Imboden and his teammates won the bronze medal match in the men’s foil team event against Japan with a total score of 45 to 31, with Imboden defeating Kyosuke Matsuyama 10 to 7.
“For me I personally wore the symbol as a demonstration against rule 50. In support of athletes of color, Ending Gun violence, and all the athletes who wish to use their voice on the platform they’ve earned,” Imboden added.
In July, the IOC revised the rule by passing Rule 50.2, which permits athletes to express their views in mixed zones, press conferences, during interviews and several other locations. However, athletes are still not allowed to protest while on the podium.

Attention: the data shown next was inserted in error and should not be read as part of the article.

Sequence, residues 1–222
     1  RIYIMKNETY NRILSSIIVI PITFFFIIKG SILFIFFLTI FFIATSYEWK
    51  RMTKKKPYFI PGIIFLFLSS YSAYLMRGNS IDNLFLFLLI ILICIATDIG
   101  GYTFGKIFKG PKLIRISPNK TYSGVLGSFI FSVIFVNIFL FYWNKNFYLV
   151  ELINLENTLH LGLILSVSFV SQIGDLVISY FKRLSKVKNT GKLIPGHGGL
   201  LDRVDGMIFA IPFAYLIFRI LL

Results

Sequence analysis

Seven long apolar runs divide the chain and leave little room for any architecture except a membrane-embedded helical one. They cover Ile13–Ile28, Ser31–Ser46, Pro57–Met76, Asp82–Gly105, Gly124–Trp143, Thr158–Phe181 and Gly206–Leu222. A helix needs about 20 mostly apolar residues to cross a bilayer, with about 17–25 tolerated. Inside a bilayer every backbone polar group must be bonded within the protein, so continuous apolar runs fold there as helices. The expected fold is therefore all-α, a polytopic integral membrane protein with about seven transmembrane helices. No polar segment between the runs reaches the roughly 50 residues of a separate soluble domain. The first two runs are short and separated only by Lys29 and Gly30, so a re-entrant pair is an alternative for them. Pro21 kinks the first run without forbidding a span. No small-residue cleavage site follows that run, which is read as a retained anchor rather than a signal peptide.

“I also wish to draw attention to the hypocrisy of the IOC, and all of the organizations who profit so immensely off the athletes and have yet to hear their call for change,” added Imboden in his tweet.
“We try to respect the views of all the athletes; we’ve given them more opportunity to express themselves … We’ve created possibilities before the sport begins to make protests,” said IOC spokesman Mark Adams earlier this week.
Imboden previously demonstrated at the 2019 Pan American Games in Lima, Peru, when he took the knee while the national anthem played, later tweeting that he felt that the “shortcomings” of the United States — racism, the need for gun control, the mistreatment of immigrants, and “a President who spreads hate” — dimmed the pride he felt winning gold and bronze medals as a member of the US team.
US shot-putter Raven Saunders was the first athlete to protest, crossing her arms into an X-shape while on the podium after she won silver at the women’s shot put on Sunday.
CNN’s Sana Noor Haq contributed to this report.